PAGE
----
Pink and Blue
didn't really start being used for baby clothes until the 1950s. Before that, their clothes didn't saying anything about their gender: all children, boys and girls, wore white. And there really wasn't a historical gender difference between children's clothing. Instead, their clothes were interchangeable: baby boys wore dresses until the Depression. Later, as boys were wearing shorts and pants, girls gradually adopted those clothes as their own – but boys never emulated the girls in the same way. 38.
 
 
____________________________________________________
 
1. A.R. Colón with P.A. Colón, A History of Children: A Socio-cultural Survey Across Millennia, Greenwood Press, Westport, CT (2001), p. 207. Available through: http://www.amazon.com/exec/obidos/tg/detail/-/0313315744/qid=1123775672/sr=8-2/ref=sr_8_xs_ap_i2_xgl14/104-0887680-4192712?v=glance&s=books&n=507846
2. A.R. Colón with P.A. Colón, A History of Children: A Socio-cultural Survey Across Millennia, Greenwood Press, Westport, CT (2001), p. 207. Available through: http://www.amazon.com/exec/obidos/tg/detail/-/0313315744/qid=1123775672/sr=8-2/ref=sr_8_xs_ap_i2_xgl14/104-0887680-4192712?v=glance&s=books&n=507846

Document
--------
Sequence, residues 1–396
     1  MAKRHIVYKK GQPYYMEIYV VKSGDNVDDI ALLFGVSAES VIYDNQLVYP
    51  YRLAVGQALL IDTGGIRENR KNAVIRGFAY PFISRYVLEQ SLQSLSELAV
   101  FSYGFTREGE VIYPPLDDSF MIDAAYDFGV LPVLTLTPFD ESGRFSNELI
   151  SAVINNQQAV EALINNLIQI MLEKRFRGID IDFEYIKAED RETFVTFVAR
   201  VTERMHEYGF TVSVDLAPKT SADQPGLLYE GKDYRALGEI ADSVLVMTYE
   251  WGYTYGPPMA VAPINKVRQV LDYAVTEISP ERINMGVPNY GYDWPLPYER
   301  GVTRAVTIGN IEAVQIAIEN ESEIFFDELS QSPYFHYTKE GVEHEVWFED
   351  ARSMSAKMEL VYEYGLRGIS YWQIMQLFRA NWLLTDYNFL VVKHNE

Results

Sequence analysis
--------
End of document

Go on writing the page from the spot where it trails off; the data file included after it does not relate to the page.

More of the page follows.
3. A.R. Colón with P.A. Colón, A History of Children: A Socio-cultural Survey Across Millennia, Greenwood Press, Westport, CT (2001), p. 208. Available through: http://www.amazon.com/exec/obidos/tg/detail/-/0313315744/qid=1123775672/sr=8-2/ref=sr_8_xs_ap_i2_xgl14/104-0887680-4192712?v=glance&s=books&n=507846
4. A.R. Colón with P.A. Colón, A History of Children: A Socio-cultural Survey Across Millennia, Greenwood Press, Westport, CT (2001), p. 226. Available through: http://www.amazon.com/exec/obidos/tg/detail/-/0313315744/qid=1123775672/sr=8-2/ref=sr_8_xs_ap_i2_xgl14/104-0887680-4192712?v=glance&s=books&n=507846
5. A.R. Colón with P.A. Colón, A History of Children: A Socio-cultural Survey Across Millennia, Greenwood Press, Westport, CT (2001), p. 226 (citation omitted). Available through: http://www.amazon.com/exec/obidos/tg/detail/-/0313315744/qid=1123775672/sr=8-2/ref=sr_8_xs_ap_i2_xgl14/104-0887680-4192712?v=glance&s=books&n=507846
6. A.R. Colón with P.A. Colón, A History of Children: A Socio-cultural Survey Across Millennia, Greenwood Press, Westport, CT (2001), p. 226 (citation omitted). Available through: http://www.amazon.com/exec/obidos/tg/detail/-/0313315744/qid=1123775672/sr=8-2/ref=sr_8_xs_ap_i2_xgl14/104-0887680-4192712?v=glance&s=books&n=507846